When 28-year-old George Zimmerman killed 17-year-old Trayvon Martin on a residential Sanford, Florida, street in February 2012, after trailing the hoodie-clad, iced tea-carrying youth through the neighborhood because he looked “suspicious,” it became clear that America’s Millennial generation had not, … Continue reading
Following the release of a video showing the members of University of Oklahoma’s Sigma Alpha Epsilon chanting racist slurs, the conversation of racism on college campuses has been refreshed. How have campus newspapers responded to the disturbing images? Continue reading
Are today’s young adults more tolerant than their parents and grandparents? In a 2010 report, the Pew Research Center found that Americans ages 18-29 are more racially and ethnically diverse, and more tolerant than previous generations. In spite of this, many young people were not shocked by the racist video that surfaced last week from a University of Oklahoma fraternity. Continue reading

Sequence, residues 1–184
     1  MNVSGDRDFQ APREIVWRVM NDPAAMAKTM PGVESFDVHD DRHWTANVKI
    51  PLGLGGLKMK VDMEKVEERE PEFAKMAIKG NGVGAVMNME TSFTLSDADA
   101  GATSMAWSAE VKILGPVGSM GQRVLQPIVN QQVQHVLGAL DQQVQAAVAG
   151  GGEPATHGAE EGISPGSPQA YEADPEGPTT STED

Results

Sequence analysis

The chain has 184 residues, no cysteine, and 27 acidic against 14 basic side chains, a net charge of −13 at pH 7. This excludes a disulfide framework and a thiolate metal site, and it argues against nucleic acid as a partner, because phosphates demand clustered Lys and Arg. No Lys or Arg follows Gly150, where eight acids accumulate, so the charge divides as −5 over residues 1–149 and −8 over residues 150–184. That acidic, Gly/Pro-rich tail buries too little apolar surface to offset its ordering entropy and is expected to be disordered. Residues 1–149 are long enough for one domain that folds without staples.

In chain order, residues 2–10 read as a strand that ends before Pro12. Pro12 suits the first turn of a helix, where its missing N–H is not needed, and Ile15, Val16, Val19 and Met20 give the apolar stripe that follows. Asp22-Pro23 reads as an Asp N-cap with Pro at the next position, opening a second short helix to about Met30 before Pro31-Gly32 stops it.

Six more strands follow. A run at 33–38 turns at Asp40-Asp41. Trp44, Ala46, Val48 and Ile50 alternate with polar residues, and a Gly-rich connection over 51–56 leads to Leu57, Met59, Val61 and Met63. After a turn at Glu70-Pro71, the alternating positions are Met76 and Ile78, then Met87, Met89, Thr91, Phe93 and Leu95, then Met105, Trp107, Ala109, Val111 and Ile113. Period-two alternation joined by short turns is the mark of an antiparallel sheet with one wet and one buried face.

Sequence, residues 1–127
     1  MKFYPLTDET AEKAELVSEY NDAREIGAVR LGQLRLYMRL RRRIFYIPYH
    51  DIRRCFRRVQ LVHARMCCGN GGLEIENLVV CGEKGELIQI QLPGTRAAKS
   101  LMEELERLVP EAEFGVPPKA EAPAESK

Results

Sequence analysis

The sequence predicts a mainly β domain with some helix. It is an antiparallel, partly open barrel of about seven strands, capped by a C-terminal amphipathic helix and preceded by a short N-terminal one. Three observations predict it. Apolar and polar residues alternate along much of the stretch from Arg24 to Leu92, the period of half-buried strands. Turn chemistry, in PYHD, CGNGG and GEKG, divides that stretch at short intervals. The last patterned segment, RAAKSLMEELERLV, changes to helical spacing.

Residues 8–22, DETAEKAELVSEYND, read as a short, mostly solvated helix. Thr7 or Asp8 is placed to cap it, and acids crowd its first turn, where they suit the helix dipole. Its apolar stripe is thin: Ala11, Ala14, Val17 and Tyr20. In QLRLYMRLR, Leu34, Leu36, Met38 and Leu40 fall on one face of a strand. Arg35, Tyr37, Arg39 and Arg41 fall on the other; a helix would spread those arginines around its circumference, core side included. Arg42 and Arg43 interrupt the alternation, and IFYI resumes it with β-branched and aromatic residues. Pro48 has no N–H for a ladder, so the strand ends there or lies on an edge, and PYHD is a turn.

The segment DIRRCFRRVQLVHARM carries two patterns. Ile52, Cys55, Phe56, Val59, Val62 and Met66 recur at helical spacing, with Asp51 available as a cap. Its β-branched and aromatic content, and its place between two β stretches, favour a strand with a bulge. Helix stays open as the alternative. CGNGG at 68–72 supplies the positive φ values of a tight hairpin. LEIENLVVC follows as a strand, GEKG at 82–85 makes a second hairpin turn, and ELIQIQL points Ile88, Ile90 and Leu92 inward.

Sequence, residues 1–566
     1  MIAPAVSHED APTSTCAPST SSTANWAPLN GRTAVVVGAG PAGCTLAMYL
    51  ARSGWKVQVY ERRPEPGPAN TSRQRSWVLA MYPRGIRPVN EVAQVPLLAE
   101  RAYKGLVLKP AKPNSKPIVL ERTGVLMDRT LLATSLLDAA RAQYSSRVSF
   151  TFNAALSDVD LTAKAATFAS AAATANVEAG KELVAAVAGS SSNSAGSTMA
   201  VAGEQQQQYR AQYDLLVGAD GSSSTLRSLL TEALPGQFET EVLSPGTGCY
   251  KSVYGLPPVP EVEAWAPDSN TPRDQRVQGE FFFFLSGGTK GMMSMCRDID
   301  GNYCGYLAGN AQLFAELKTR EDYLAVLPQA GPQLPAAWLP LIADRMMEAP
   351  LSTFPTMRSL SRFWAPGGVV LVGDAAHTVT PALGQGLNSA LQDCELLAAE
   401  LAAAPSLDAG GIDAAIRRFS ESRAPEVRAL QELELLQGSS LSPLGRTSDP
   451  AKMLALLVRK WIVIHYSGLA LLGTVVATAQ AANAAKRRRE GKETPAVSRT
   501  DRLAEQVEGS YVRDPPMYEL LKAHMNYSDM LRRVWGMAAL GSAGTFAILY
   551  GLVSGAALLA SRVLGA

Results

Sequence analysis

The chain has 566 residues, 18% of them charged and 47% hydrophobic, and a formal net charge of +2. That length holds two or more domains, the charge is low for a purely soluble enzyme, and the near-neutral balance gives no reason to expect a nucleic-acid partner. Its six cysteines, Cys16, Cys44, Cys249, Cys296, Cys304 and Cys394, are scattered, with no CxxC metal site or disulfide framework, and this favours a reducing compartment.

The nine-second video featuring members of the Sigma Alpha Epsilon fraternity at the University of Oklahoma singing a racist chant has sparked anger and confusion for many millennials across the country. Students held protests on campuses and took to social media to share their disappointment, outrage and concern. Continue reading
The University of Oklahoma acted quickly to close down a fraternity that got caught using racial epithets in a video. OU President David Boren joins Judy Woodruff to discuss concerns about racism on campus and how colleges should respond. Continue reading
Students and faculty at the University of Oklahoma are outraged by a video that went viral on YouTube Sunday night that features members of the Sigma Alpha Epsilon fraternity chanting racial slurs.
In an interview with BET, President Barack Obama described his conversation with a group of young civil rights activists, including a leader of protests in Ferguson, Missouri, he hosted last week in the Oval Office. Continue reading
A new documentary “Freedom Summer” looks back to the deeply segregated Mississippi of 1964, and the young people who came from around the country to lend a hand in the struggle against racism. For a look back at the moment, Gwen Ifill is joined by Freedom Summer coordinator Robert Moses, Freedom Summer volunteer Rita Schwerner Bender, as well as director of the film, Stanley Nelson. Continue reading